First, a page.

Trojan Horse defrauds online shoppers

A Trojan Horse, disguised as a program that pays people for viewing adverts, is in fact scanning their systems for e-wallet passwords

A Trojan horse appears to be collecting data from users of an online payment system and could have already removed money from up to 300 accounts, according to security software firm Kaspersky Labs.

The Trojan horse, dubbed Eurosol, steals the personal account information from people using the WebMoney e-wallet payment. The Eurosol Trojan horse is contained in a program called CC-Bank, which WebMoney users are being told they can download to earn money by viewing adverts. While the CC-Bank program displays a series of banner adverts, the Trojan scans the installed hard disks in the search for key files from the client program of the WebMoney Transfer system. Once the Trojan has found the files, it transfers the stolen e-wallet details to an FTP server.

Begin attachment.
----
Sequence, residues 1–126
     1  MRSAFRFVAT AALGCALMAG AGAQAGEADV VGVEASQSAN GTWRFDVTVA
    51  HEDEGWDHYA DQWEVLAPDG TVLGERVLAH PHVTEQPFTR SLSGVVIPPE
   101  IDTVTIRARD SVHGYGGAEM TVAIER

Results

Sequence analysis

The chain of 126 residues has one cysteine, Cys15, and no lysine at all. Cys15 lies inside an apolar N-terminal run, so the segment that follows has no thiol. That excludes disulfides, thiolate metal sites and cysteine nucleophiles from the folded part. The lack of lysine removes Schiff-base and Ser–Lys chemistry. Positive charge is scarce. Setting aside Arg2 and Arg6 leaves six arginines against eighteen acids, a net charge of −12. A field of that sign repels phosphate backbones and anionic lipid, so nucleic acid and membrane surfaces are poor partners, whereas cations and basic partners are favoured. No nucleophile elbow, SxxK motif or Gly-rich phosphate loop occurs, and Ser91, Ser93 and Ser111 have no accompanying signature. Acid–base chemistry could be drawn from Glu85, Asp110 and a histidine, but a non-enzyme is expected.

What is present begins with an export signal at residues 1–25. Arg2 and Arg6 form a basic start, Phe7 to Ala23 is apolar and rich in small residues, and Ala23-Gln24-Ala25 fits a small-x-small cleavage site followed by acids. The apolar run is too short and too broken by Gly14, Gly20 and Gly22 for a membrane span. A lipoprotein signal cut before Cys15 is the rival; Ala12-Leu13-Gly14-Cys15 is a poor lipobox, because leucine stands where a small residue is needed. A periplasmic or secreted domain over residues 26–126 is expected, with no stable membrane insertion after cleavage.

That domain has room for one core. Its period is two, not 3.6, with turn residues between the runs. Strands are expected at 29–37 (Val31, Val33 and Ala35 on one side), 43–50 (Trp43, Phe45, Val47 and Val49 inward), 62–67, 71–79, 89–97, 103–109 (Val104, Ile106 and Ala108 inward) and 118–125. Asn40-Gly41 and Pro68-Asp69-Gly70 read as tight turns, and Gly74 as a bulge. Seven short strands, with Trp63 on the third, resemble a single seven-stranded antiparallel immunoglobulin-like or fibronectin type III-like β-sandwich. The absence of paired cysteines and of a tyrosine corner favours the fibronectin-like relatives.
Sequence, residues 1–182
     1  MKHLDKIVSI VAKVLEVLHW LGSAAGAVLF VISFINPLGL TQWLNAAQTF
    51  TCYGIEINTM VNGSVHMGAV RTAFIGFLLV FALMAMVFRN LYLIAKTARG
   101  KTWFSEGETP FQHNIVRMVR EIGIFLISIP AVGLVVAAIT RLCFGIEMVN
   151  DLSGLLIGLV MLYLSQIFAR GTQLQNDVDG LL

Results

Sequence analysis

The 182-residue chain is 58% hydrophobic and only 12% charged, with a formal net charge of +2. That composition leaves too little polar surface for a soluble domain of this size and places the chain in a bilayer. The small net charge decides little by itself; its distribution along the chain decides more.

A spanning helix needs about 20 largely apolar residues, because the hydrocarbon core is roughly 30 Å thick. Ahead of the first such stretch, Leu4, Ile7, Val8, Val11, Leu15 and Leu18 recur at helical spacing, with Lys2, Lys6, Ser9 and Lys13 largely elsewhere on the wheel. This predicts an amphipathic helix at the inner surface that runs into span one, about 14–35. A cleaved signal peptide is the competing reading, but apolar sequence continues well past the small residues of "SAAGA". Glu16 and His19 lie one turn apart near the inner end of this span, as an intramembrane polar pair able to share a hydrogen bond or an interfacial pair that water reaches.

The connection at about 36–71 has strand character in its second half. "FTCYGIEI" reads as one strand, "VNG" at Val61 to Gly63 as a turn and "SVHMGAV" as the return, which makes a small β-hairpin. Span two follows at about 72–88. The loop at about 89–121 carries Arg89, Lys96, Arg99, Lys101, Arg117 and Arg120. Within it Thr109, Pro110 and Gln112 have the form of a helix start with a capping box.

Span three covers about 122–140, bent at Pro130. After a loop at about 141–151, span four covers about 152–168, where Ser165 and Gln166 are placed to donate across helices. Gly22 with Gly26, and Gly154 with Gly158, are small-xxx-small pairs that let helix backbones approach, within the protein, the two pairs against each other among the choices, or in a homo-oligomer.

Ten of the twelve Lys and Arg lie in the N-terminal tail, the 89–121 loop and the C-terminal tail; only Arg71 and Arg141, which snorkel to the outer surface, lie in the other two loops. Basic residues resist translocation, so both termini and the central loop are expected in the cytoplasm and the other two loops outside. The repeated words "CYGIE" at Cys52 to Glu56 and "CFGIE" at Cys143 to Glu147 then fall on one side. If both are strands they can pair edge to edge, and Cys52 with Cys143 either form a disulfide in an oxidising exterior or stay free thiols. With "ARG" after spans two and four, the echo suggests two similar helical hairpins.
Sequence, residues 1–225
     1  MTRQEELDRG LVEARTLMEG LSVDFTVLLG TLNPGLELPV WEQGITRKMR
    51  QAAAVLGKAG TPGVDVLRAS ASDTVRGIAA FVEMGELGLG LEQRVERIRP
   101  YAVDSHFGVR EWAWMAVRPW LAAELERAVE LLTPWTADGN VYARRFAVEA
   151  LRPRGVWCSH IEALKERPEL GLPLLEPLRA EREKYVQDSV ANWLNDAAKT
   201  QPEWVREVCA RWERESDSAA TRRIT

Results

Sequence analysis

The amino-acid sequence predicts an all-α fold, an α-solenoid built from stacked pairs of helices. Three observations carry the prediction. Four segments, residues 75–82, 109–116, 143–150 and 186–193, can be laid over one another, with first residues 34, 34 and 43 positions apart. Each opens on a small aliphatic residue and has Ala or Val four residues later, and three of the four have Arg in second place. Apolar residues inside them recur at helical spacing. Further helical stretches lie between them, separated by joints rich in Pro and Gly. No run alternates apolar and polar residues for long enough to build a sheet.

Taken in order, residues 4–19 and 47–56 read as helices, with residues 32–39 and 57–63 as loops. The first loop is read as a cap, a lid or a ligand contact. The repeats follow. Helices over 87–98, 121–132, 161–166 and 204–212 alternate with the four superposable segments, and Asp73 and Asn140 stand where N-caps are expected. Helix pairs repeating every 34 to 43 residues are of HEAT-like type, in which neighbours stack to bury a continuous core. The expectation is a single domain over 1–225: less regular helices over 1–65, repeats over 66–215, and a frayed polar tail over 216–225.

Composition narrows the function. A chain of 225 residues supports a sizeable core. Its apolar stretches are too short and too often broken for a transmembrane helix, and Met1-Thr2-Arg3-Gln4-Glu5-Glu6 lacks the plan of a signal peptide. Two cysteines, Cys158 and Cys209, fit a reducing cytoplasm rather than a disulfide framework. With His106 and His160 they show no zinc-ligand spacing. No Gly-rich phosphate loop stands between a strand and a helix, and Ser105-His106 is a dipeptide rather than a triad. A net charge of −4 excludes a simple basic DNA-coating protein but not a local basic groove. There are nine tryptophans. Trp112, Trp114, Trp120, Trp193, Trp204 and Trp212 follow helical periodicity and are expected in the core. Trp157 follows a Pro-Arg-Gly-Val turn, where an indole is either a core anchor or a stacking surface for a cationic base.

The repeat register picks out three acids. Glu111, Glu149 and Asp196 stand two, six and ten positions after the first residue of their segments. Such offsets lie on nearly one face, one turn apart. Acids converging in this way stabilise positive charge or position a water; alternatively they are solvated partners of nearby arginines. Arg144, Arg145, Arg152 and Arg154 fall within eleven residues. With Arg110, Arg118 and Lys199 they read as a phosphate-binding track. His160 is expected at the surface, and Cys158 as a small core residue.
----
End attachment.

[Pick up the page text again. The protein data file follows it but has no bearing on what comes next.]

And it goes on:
As yet this is all theory. While Kaspersky labs rates the Trojan as "exceptionally dangerous", in practice there is no evidence that it has yet actually stolen anybody's money. "However," said Kaspersky Labs in an alert, "an analysis of the FTP server -- where the stolen information is transferred -- allows us to say that more than 300 users are already in the situation where in the near future, their accounts in WebMoney could be discovered to have no funds available."

Furthermore, the Eurosol Trojan. is aimed only on the users of the Russian-based WebMoney, according to Kaspersky Labs.

WebMoney uses a pre-paid card system to help people buy from affiliated online stores. When customers get to the check out section, they select the WebMoney method of payment, enter a code, and the price of the goods is deducted from their account.

WebMoney was not available for comment at the time of posting.

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